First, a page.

- Spine splitting at foot; wr. sl. yellowed. = Lemmens/ Stommels, Russian Book Art 1904-2005, p.88.
- Owner's entry on title-p. Wrappers sl. creased and frayed; lacks large portion of backstrip.
- A few plates reattached/ loosening; final 2 text lvs. bound in between plates.
- Wrappers and backstrip sl. creased.
= Rowell/ Wye 401; Compton, Russian Avant-Garde Books 1917-34, p.52: "The year 1922 saw increasing exchange of information about avant-garde art between the Soviet Union and Western Europe. Publications printed in Berlin brought up-to-date news to artists in a language they could understand. Thus the writer Ilia Ehrenburg's book - with a striking cover by Fernand Léger composed from stencilled letters and machine-like forms - included information about the pricipal European avant-garde journals (...)". SEE ILLUSTRATION PLATE LII.
- Covers sl. scratched and soiled; lower corners bumped/ sl. dam.
= A report on the USSR's first Five Year Plan and one of the first projects Lissitzky worked on (alongside the propagandist periodical USSR in Construction) after signing a contract with state publishing house Izogis. Lissitzky-Küppers p.96; El Lissitzky, Retrospektive 247; Rowell/ Wye 996; Parr/ Badger, The Photobook I, p.155: "(...) the pace and rhythm of his [Lissitzky's] layouts show both a cinematic influence and a master graphic designer at work (...)". SEE ILLUSTRATION PLATE LII.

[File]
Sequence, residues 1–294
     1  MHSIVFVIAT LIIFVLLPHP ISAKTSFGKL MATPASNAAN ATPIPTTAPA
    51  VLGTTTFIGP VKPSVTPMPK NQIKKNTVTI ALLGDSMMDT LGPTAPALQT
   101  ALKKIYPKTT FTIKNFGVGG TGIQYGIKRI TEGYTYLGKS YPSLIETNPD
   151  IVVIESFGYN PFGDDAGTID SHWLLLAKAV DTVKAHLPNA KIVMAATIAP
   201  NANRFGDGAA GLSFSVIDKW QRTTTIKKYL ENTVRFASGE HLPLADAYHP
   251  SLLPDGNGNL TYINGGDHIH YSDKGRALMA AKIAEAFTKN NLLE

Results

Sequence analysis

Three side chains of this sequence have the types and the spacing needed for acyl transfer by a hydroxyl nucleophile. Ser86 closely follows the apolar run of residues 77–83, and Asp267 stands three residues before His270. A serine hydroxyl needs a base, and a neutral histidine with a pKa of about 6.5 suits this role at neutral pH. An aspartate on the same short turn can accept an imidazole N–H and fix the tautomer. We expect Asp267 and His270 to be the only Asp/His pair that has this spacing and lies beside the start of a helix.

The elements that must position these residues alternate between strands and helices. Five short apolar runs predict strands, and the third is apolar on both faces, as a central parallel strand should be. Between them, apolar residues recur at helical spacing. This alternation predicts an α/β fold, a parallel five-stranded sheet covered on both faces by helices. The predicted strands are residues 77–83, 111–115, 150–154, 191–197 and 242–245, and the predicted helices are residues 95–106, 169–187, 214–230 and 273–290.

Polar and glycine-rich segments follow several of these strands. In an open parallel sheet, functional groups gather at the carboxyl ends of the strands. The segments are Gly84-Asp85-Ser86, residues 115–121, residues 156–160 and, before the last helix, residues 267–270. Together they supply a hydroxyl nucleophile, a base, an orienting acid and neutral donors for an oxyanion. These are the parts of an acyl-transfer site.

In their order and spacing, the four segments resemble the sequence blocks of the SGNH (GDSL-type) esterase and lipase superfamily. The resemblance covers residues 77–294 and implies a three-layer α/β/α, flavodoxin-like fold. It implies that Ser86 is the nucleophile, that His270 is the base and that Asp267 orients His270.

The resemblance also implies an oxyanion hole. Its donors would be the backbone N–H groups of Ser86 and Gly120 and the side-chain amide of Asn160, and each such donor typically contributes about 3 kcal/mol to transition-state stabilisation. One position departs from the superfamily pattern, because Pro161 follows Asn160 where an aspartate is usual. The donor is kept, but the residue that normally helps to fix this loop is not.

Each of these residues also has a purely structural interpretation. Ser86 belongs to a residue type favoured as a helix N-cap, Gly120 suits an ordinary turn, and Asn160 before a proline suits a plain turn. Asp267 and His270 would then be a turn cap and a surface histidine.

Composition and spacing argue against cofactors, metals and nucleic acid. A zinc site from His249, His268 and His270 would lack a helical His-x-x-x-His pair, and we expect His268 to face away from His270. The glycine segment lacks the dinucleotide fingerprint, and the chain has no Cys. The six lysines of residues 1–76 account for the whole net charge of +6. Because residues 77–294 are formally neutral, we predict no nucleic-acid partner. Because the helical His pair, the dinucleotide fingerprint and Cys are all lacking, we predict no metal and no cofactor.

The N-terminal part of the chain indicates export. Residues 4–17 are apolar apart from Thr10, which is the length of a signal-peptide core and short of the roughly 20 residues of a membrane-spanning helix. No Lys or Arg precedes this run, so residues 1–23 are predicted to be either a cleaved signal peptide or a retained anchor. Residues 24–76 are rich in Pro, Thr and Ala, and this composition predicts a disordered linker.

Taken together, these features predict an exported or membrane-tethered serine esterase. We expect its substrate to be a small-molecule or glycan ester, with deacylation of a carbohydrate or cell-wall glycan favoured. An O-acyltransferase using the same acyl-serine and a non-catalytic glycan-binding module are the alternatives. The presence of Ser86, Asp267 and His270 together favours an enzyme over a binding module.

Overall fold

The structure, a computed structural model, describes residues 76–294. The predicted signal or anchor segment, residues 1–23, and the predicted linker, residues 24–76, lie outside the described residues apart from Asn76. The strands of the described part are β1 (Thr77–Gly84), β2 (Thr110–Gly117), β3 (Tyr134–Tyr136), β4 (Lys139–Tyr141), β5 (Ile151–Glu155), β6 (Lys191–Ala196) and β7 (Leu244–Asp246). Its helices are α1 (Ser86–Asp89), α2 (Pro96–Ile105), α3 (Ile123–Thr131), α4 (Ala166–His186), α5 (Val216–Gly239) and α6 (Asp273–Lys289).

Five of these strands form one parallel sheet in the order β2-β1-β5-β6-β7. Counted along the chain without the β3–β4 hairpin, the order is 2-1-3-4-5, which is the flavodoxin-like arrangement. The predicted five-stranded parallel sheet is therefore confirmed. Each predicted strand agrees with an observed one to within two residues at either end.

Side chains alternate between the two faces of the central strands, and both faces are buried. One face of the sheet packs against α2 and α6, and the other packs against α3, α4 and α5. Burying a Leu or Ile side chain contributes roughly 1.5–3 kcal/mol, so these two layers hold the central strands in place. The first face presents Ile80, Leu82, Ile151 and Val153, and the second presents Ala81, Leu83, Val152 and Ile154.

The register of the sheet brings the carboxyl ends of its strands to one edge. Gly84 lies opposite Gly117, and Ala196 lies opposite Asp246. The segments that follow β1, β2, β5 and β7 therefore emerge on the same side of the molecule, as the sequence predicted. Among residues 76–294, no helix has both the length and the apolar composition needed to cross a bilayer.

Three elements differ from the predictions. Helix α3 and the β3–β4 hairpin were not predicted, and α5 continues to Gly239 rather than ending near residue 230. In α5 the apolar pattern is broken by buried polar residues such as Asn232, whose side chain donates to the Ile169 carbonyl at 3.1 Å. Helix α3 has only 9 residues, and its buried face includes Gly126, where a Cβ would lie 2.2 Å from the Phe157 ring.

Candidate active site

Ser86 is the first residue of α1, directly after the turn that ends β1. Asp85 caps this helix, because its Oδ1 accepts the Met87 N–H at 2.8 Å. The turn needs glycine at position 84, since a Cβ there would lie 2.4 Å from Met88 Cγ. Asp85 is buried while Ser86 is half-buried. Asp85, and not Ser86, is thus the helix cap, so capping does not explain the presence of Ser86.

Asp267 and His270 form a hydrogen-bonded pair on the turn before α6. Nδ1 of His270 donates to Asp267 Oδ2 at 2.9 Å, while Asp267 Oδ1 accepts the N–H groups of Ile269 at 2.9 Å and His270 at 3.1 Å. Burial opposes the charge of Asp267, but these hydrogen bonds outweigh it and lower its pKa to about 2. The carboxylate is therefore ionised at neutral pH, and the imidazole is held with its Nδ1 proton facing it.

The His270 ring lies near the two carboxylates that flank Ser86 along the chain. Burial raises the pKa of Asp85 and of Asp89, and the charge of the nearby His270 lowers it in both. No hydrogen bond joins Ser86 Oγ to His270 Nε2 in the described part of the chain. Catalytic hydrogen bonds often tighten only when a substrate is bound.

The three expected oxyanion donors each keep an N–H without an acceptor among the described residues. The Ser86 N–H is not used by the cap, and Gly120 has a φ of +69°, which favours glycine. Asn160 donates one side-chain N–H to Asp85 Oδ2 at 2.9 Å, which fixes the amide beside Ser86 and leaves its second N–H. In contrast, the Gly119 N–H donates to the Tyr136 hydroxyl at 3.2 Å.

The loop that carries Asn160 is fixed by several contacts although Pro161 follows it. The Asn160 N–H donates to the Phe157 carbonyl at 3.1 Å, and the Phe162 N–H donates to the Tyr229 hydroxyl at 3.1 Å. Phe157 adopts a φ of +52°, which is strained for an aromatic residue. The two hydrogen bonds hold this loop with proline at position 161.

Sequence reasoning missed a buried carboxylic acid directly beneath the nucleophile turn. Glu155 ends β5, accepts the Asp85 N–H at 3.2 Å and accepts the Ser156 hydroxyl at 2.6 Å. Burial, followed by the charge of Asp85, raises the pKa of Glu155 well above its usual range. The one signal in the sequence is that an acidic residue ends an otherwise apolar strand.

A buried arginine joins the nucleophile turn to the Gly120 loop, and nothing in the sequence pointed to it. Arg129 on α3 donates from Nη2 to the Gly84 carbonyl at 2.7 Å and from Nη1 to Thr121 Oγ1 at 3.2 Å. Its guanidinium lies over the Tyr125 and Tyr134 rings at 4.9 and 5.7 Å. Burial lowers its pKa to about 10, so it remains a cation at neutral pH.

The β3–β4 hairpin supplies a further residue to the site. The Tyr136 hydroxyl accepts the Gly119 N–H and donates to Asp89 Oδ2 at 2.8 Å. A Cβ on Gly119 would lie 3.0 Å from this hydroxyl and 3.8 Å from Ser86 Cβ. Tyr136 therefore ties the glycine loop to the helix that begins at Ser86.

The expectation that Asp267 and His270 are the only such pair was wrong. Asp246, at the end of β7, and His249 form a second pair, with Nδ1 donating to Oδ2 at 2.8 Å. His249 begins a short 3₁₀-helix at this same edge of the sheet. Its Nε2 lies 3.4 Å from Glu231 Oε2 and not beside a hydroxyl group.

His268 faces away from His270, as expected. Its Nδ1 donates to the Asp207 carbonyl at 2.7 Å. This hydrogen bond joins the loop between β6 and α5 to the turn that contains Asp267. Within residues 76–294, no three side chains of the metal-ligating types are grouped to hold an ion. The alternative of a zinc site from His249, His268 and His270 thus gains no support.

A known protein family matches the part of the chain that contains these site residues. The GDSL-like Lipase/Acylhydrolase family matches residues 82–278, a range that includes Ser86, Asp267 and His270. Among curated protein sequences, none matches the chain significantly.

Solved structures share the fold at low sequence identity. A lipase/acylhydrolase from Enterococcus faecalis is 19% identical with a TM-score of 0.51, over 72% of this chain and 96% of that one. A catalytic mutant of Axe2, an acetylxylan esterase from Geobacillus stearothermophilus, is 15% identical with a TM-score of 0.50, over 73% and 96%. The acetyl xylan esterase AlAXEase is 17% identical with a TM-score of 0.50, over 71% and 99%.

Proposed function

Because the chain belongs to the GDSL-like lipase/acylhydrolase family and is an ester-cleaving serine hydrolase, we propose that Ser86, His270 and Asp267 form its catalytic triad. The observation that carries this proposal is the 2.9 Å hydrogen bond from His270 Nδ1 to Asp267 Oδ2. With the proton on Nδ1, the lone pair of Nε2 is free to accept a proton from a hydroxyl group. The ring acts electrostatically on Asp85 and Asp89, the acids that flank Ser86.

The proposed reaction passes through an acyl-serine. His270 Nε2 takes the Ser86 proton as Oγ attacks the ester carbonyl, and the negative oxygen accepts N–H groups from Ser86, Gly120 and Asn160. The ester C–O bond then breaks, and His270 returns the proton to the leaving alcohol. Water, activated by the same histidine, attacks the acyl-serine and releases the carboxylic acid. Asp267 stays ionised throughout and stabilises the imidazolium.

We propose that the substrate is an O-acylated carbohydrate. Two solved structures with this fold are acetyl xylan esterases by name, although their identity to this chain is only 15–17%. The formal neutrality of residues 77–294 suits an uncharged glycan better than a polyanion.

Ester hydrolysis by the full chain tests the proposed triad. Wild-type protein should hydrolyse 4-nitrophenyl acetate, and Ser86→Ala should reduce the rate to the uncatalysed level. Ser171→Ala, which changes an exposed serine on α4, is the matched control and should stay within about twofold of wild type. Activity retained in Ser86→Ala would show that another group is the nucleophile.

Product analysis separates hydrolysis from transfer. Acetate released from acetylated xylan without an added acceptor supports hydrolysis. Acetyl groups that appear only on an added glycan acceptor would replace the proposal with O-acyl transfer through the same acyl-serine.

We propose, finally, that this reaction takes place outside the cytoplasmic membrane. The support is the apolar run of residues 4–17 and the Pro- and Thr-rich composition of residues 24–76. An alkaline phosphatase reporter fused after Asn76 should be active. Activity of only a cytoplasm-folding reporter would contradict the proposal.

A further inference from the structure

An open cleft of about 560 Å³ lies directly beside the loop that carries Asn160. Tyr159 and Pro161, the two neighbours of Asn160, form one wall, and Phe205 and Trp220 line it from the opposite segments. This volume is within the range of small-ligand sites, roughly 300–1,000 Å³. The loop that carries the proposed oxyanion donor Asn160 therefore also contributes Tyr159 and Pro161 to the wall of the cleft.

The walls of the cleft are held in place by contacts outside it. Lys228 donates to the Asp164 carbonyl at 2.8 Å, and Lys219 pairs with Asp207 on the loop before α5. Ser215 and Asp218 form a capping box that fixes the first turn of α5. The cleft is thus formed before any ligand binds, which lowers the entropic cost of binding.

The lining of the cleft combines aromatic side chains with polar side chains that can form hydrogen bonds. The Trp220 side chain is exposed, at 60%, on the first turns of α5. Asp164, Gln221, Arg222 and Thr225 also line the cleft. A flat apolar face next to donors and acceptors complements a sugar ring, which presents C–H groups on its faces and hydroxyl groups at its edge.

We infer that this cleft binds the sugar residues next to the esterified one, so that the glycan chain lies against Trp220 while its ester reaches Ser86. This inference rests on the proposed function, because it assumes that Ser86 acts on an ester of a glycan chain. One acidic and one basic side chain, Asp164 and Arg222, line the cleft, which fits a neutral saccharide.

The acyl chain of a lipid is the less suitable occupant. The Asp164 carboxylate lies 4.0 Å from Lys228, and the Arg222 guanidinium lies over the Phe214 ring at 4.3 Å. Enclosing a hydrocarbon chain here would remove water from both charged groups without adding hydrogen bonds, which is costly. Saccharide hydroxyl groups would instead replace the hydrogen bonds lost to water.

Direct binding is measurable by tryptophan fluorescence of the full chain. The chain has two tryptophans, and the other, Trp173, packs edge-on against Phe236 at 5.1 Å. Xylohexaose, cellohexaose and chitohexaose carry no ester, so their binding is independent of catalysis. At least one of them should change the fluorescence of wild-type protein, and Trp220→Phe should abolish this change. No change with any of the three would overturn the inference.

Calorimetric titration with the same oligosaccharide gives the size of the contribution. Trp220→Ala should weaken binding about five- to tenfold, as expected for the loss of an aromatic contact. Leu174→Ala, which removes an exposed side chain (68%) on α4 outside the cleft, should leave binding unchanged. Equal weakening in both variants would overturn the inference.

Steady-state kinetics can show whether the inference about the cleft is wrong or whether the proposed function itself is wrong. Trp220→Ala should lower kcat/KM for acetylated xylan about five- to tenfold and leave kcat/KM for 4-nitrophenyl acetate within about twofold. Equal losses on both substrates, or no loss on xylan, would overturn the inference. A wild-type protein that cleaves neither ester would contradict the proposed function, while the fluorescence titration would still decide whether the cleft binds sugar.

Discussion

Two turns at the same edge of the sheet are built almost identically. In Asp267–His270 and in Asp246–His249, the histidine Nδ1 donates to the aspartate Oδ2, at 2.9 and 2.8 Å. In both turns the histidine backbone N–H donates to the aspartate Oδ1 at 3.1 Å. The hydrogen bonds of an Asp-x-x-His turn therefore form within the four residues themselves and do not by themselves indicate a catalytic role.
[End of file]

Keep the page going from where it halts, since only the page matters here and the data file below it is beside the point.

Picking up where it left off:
- A few lvs. margins restored; one leaf w. professionally closed tear; first leaf lower corner restored. Spine strengthened; wr. trifle stained; backwr. lacks tiny chip in upper margin.
= Rowell/ Wye 410 and p.196; Compton, Russian Avant-Garde Books 1917-34, p52 and passim; Lissitzky-Küppers p.24: "At the beginning of 1922, Lissitzky collaborated with Ehrenburg in producing the first pro-Soviet periodical, Veshch ('Objet'), published by the Skythen-Verlag. Here Lissitzky could make his new typographical ideas become concrete facts - thanks to highly-developed printing techniques. (...) The pages of the journal were architectonically arranged, and all the resources of the type-case were employed to catch the reader's eye and to give emphasis to the contents. The striking effect made by the typographic composition of the cover (a floating Proun in red) is created by the colossal tension in which the letters are held counterpoised on the coloured background. Few cover designs produced since then bear comparison with these first fruits of Lissitzky's typographical genius." Bolliger III, 242: "Zeitschrift der russischen und europäischen avantgarde, die sich zur Aufgabe setzte: "Die in Russland Schaffenden mit der neuesten westeuropäischen Kunst bekanntzumachen und 2. Westeuropa über die russische Kunst und Literatur zu informieren"." Only 2 issues were published (no.1/2 and 3), although a fourth and a fifth were announced. SEE ILLUSTRATION PLATE LII.
- Sl. foxed/ waterst. and occas. trifle mouldy. Backstrip strengthened w. paper; backwr. w. some closed tears and dam. spots.
= Beautifully illustrated somewhat in the style of Ivan Bilibin. SEE ILLUSTRATION PLATE LIII.